Corn futures are trading higher at midday. Strength in the stock market and crude oil, weakness in the dollar, spillover buying from soybeans and planting delay concerns are supporting corn prices. Weekly export sales were strong last week at 52.8 million bushels of old and new-crop, which was above trade expectations. Wet weather and forecasts calling for more rain in the southern and eastern Corn Belt will keep planting delay concerns alive. May is 3 cents higher at $3.96 and December is 2 cents higher at $4.23 3/4.



Soybean futures are up strongly at midsession, led by old-crop months. The bullish weekly export sales report, declining production estimates for Argentina and tight old-crop stocks are supporting the market. Export sales of 43 million bushels of old and new-crop soybeans were above trade expectations. Strength in Asian vegetable oil markets are also supporting soybean oil and the soy complex. May is 29 3/4 cents higher at $10.63 3/4 and November is 13 1/4 cents higher at $9.45 3/4.



Wheat futures are higher at midday. Strength in the stock market, weakness in the dollar and spillover strength from soybeans are supporting wheat futures. Spring wheat planting delays remain a bullish underlying concern. However, gains are being limited by disappointing weekly export sales. Sales of 5.2 million bushels of old-crop and 4 million bushels of new-crop were below trade expectations. In addition, Egypt bought some Canadian wheat instead of from the U.S. CBOT May is 6 cents higher at $5.26 3/4, KCBT May is 4 1/4 cents higher at $5.76 1/2 and MGE May is 3 cents higher at $6.82.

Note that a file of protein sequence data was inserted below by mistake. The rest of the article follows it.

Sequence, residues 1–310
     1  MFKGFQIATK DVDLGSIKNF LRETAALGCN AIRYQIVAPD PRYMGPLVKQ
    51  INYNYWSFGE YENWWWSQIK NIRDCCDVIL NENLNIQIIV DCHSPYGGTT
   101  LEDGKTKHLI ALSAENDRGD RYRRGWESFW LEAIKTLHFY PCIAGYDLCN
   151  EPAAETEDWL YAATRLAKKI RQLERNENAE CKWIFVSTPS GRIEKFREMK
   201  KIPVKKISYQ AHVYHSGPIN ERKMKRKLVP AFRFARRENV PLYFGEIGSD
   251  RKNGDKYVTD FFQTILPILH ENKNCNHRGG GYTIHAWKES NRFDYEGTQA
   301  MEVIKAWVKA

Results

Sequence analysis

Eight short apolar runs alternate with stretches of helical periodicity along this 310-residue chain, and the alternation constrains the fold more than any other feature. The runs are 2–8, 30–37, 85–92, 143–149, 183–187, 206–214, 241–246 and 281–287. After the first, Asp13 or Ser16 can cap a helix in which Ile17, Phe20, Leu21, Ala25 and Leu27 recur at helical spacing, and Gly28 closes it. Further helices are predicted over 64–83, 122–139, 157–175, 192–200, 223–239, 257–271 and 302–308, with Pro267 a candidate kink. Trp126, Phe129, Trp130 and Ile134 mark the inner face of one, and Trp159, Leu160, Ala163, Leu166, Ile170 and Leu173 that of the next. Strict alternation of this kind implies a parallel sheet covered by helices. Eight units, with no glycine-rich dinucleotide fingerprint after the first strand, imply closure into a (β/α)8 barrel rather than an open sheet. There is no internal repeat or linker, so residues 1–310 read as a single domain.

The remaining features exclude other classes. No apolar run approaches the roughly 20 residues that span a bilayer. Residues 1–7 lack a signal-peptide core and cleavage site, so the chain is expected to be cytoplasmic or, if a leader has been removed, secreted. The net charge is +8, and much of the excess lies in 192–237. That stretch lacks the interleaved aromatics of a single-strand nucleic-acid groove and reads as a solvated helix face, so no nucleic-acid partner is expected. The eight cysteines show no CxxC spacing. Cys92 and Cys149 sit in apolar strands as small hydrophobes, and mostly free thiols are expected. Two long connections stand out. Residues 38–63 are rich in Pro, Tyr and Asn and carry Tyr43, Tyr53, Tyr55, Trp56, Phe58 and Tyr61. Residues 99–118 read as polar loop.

Cattle futures are trading lower at midday. The market is being pressured by spillover weakness from lean hog futures and weaker boxed beef prices on Thursday. Cash trade has not yet developed this week, but ideas of steady at best trade has also kept the futures market under pressure. June is 85 cents lower at $82.10 and August is 83 cents lower at $82.38.



Lean hog futures are down sharply again at midsession. Lower cash hog and pork prices are weighing on futures as packers are having a hard time moving pork amid concern about the H1N1 virus, aka swine flu. Despite assurances that the virus is not spread by pork, several countries have banned or restricted U.S. pork imports. June is $2.30 lower at $64.45 and July is $1.35 lower at $67.50.